Litany for Gratitude 2 + The Dark Side of Gratitude

Over on my Instagram (@franniep) this month I've been sharing a few things each day for which I'm grateful. Big or small, impactful or trivial, I'm just naming things I'm grateful for. This has had some surprising effects. For one, it's getting easier each day to put on my gratitude glasses and see things I'm thankful for. It's getting easier to sit with gratitude and allow it to change my outlook on life.

But for all I think that gratitude is an indispensable part of a healthy outlook, necessary to counteract cynicism and enlarge our picture of God, I think gratitude might have a dark side. I've caught myself several times feeling guilty for feeling gratitude. So many people don't have the privileges I have, the freedoms, their basic needs met. So many have kids who aren't in vibrant health, or family situations that are painful or difficult. Isn't it smug and prideful of me to dwell on all my blessings, list them out, take photos of them and post them on social media, acknowledge them and allow myself the pleasure of enjoying them?

It kind of is, isn't it?

Furthermore I've been in some painful, messy places in life, and was I very good at practicing gratitude during those times? Not hardly. Isn't gratitude supposed to be a good clean feeling, black and white, no gray allowed? Isn't it mean to rub gratitude in the face of people in pain?

It kind of is. No one told me it would be so messy.

When I let my thoughts come full circle, I think it would be worse to not be grateful. It would be worse to not enjoy and participate in feasting on life whenever the opportunity arises. It would be small-hearted and cynical to not assume a posture of gratitude. It would be worse to deny the mercy of God whenever we are offered it.

This is a thing the discipline of gratitude does: it opens our eyes. Both to our blessing and to our privilege, to our undeserving and our responsibility, to our smallness and our preciousness. A posture of gratitude can illuminate that gray area between abundance and poverty, and inform our perception of them. It can illuminate joy as well as joy's pesky sidekick: suffering.

And also, gratitude gets easier. The more we do it, the more naturally we revert to it. I think we should practice it whenever we can if we hope to have any capacity for it at all when suffering comes. So to that end, I've written us a prayer to practice with, and hopefully help us wear grooves of gratitude in our hearts so that we can find them by touch, even in the dark.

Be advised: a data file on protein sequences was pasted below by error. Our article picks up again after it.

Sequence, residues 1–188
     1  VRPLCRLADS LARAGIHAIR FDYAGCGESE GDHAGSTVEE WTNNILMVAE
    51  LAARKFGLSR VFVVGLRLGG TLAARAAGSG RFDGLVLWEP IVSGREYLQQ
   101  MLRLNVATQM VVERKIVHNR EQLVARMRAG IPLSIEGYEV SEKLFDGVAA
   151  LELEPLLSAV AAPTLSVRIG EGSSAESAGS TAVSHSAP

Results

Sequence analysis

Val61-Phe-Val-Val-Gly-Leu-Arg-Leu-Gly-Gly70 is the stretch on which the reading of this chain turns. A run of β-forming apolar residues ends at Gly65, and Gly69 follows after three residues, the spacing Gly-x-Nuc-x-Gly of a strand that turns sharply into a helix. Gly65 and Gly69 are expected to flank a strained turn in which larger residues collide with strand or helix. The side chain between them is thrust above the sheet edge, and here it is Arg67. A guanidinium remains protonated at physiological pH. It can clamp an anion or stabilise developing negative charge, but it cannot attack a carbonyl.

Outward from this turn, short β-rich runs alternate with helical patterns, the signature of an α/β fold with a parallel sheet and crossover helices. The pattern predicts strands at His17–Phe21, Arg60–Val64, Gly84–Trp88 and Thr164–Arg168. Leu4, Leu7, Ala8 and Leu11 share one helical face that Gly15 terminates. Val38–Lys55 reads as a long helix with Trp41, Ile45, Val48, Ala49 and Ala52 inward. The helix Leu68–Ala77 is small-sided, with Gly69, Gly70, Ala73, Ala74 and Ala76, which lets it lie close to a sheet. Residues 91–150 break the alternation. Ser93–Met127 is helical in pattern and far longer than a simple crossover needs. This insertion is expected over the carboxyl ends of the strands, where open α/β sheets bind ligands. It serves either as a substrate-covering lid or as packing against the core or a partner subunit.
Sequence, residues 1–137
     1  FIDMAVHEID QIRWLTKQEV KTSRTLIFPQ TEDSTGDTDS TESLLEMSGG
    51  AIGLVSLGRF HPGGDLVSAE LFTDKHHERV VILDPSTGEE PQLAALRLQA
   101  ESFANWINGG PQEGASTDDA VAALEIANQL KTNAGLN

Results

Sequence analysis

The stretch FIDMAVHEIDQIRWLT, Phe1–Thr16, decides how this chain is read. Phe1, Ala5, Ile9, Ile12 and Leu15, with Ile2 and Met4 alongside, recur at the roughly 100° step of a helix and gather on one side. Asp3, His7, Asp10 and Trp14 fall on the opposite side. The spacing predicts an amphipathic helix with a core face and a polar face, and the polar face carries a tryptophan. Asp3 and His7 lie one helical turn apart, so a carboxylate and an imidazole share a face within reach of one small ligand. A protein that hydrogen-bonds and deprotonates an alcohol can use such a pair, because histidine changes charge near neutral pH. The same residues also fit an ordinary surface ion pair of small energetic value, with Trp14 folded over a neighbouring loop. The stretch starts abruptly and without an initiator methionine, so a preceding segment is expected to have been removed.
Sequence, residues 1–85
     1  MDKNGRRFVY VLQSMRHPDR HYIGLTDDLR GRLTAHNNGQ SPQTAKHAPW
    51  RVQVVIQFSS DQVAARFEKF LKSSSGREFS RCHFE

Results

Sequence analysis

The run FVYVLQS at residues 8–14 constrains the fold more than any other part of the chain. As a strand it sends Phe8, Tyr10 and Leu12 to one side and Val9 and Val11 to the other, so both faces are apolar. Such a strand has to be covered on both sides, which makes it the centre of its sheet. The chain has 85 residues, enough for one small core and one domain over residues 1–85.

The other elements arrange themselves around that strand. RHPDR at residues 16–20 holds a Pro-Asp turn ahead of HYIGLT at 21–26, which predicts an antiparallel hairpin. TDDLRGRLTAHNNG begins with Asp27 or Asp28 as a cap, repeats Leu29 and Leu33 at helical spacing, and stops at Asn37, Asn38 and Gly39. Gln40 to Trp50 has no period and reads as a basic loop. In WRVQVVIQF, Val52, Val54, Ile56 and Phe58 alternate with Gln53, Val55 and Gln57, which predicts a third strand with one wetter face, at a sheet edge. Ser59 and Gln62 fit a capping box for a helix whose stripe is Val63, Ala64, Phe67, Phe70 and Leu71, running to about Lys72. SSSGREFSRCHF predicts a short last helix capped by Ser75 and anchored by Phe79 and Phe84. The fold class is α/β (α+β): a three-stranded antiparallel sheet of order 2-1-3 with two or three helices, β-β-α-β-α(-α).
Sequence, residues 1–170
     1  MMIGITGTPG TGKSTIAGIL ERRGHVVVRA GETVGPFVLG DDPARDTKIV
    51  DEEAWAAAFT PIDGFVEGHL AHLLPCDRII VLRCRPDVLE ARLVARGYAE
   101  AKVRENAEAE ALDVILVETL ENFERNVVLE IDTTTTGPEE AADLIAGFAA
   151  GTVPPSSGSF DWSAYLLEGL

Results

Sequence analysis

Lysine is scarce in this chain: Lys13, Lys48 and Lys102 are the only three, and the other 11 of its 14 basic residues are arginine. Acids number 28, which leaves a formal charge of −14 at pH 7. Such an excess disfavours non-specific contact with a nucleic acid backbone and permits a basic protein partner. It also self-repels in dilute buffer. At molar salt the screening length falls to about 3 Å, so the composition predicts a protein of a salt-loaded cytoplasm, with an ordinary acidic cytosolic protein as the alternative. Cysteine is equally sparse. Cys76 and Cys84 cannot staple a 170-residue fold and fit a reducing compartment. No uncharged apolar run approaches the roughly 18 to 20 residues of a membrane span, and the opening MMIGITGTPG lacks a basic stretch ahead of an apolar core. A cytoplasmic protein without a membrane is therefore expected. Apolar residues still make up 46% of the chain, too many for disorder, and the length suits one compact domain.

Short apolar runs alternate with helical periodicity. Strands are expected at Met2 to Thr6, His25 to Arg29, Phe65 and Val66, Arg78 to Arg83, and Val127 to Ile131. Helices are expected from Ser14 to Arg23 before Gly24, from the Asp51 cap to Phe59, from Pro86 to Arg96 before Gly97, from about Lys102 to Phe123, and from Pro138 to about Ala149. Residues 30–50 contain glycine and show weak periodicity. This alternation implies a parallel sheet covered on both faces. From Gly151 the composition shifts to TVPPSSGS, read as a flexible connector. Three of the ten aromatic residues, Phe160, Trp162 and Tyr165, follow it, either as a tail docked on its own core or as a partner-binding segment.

I’ve kept to a simple refrain in this instance for congregational ease, but I have another Litany for Gratitude here.


Great God, You created the good earth and all its creatures, the heavens and all they contain.
We give thanks.
You give us life. You give us consciousness and choices. You give us love.
We give thanks.

For the blessings of family, friendships, and worldly provision,
We give thanks.
For the blessings of talent, aptitude, and meaningful work,
We give thanks.
For the blessings of food, wine, and good conversation, those times of feast and enjoyment,
We give thanks.
For the blessings of trivial pleasures, small gifts meant for our happiness,
We give thanks.
For the blessings of expression, song, art, human ingenuity, and creativity,
We give thanks.
For the blessings of peace that come from knowing You,
We give thanks.

When we survive mishaps
We give thanks.
When we endure consequences and pain
We give thanks.
When we must combat evil with goodness and love
We give thanks.
When we must deny ourselves, bear burdens, and obey
We give thanks.
When we must suffer loss and disappointment
We give thanks.
When me must come to the end of our physical lives
We give thanks.

When we chose violence and rebellion, you made a way to recover us.
We give thanks.
The way is Christ: the true and full, shining image of Your love.
We give thanks.
For Jesus Christ and the Kingdom he began here, in which You invite us to participate,
We give thanks.
And for the experience of living on earth, in all its paradoxes and mingling of joy and suffering,
We give thanks.



Litany for Our Enemies + That Time I Accidentally Told My Kid About ISIS